Intel Included Gag-Order In Microcode Update – Update: Gag-Order Removed

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Aug 23, 2018
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[Editor’s Comment: See update below]

So something pretty detrimental to optics was included in Intel’s recent microcode update. A gag-order not to use any comparative or benchmarking software to test the new security patches was present in the licensing boilerplate. Needless to say, this is bad – very bad. I reached out to Intel and they let me know that the issue was being handled and the license is going to be updated post haste.

Intel responds to license update forbidding benchmarking: rolling out an updated version soon, welcomes all feedback

Originally spotted by Bruce Perens, the last clause in the microcode update that fixes critical side channel attacks – like spectre and meltdown – prohibits users from figuring out just how much difference the fix made. There had been (educated) speculation that a fix would not be possible without a decrease in performance and such a gag-order would curb the spread of information to the consumer. The rumored performance hit is in the range of 10%-15%. It goes without saying that now there will be even more people interested in benchmarking these updates than before.

Gag orders very rarely work of course, due to the Streisand effect, so its always interesting to see companies try – that said, I am hoping that this was the work of some over-zealous lawyer in their legal department and not an actual calculated decision by an exec. Here is the bare clause that’s causing the headaches:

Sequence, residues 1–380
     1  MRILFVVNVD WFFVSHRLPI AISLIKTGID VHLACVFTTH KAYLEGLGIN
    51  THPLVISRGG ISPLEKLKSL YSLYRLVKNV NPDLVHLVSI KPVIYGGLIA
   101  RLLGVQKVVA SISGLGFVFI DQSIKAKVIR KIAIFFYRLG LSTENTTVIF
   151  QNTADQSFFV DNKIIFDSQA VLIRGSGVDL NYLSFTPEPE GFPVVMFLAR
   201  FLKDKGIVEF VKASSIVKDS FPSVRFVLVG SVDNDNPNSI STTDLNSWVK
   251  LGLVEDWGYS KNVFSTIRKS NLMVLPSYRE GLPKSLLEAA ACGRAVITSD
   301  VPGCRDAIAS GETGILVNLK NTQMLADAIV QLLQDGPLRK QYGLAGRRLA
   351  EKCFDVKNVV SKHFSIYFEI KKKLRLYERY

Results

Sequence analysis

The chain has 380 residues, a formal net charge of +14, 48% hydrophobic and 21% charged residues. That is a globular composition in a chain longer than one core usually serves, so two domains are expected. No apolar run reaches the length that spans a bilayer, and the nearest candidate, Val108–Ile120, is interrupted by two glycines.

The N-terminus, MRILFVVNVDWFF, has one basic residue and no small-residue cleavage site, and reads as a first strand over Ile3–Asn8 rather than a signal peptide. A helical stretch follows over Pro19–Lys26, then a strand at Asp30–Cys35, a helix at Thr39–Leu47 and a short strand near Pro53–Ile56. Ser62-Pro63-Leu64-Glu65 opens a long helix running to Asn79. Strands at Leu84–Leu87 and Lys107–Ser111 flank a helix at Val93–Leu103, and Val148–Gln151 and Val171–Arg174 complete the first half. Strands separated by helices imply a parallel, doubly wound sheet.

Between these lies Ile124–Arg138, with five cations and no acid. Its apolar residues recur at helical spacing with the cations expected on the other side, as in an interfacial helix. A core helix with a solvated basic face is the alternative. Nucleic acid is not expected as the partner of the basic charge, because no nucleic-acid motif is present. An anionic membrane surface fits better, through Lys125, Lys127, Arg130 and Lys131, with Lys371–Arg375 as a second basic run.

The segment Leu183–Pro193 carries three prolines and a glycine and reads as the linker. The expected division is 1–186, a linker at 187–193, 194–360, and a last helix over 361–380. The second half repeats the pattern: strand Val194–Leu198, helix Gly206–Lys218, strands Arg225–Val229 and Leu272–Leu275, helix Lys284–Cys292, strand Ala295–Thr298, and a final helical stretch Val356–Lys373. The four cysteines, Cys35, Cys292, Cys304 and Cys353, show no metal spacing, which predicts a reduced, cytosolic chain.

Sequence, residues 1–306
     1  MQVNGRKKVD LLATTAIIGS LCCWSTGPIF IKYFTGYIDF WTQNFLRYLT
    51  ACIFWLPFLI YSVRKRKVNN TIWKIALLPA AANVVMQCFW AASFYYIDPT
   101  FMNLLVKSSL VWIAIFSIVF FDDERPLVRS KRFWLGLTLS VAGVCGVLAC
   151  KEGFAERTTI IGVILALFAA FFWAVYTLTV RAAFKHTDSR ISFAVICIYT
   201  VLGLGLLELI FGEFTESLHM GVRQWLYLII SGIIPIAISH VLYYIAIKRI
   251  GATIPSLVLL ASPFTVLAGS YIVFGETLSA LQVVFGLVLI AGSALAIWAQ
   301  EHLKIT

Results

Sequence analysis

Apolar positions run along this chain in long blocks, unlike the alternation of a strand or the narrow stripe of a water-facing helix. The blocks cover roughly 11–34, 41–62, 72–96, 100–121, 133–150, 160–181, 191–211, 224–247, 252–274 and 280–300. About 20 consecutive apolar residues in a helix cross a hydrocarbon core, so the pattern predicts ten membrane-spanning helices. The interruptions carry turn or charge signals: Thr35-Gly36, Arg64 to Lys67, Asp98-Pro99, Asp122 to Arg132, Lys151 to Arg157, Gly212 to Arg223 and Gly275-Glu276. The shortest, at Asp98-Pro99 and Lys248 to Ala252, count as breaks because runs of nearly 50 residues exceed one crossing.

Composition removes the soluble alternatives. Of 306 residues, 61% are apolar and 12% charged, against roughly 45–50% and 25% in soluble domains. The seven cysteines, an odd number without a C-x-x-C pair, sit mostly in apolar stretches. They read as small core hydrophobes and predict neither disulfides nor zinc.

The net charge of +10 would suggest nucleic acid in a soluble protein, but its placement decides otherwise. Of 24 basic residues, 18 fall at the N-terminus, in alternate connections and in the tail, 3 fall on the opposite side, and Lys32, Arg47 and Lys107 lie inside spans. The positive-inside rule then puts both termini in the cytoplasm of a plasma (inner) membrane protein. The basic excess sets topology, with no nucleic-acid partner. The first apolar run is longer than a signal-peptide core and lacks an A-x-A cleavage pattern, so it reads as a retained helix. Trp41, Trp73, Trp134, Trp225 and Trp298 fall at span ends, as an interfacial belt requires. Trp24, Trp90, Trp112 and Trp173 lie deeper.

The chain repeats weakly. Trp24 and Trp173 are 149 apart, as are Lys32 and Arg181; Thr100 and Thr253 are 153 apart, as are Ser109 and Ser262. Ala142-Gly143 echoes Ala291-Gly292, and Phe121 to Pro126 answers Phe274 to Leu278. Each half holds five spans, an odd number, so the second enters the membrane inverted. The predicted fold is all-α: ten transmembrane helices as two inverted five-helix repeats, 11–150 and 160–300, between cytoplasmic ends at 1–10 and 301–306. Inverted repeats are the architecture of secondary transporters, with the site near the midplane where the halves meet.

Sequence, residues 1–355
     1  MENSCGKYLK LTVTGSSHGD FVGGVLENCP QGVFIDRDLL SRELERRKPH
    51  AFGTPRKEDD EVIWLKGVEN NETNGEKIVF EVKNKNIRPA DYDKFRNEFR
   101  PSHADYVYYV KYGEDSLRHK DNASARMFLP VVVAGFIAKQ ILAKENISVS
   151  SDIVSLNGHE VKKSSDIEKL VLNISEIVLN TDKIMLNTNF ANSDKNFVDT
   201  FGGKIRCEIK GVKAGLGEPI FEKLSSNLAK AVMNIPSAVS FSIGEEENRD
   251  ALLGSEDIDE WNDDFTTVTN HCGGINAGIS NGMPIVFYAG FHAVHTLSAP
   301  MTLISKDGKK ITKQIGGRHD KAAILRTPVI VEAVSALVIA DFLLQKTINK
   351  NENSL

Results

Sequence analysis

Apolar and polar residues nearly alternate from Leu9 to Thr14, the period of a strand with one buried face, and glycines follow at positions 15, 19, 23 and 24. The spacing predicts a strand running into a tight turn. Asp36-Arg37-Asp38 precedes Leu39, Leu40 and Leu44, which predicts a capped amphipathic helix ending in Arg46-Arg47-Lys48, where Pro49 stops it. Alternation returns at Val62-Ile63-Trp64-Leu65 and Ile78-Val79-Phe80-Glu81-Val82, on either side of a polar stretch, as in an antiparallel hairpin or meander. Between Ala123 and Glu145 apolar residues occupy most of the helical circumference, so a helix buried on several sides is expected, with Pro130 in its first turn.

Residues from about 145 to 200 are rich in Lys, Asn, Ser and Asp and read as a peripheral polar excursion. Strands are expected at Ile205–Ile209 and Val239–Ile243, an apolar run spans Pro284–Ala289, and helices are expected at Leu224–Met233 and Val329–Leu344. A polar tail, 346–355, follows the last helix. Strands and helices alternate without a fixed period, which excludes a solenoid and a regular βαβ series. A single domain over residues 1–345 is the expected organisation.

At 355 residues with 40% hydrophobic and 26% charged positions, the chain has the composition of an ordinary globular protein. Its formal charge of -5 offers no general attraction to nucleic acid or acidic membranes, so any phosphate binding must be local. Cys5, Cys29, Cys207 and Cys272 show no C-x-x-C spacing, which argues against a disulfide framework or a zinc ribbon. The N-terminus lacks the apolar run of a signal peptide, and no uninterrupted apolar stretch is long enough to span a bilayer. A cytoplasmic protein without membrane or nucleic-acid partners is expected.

The offending boilerplate: You will not, and will not allow any third party to (i) use, copy, distribute, sell or offer to sell the Software or associated documentation; (ii) modify, adapt, enhance, disassemble, decompile, reverse engineer, change or create derivative works from the Software except and only to the extent as specifically required by mandatory applicable laws or any applicable third party license terms accompanying the Software; (iii) use or make the Software available for the use or benefit of third parties; or (iv) use the Software on Your products other than those that include the Intel hardware product(s), platform(s), or software identified in the Software; or (v) publish or provide any Software benchmark or comparison test results.

And Intel’s reply to us:

Intel’s reply: “We are updating the license now to address this and will have a new version available soon. As an active member of the open source community, we continue to welcome all feedback.”

Intel did respond fairly quickly to my email and it looks like they will be rolling back the offending clauses in the license soon enough (we’ll let you know either way). It does look like this was an honest mistake, because I doubt any executive with know-how of the market would be dumb enough to think an order like this would actually work. Unless their aim was to make sure everyone benches the hell out of the new updates – in which case they were spectacularly successful.

Update: 10:44 AM, 23 August 2018: Intel’s full updated license and statement

Intel: We have simplified the Intel license to make it easier to distribute CPU microcode updates and posted the new version http://bit.ly/2w9RjtM. As an active member of the open source community, we continue to welcome all feedback and thank the community.

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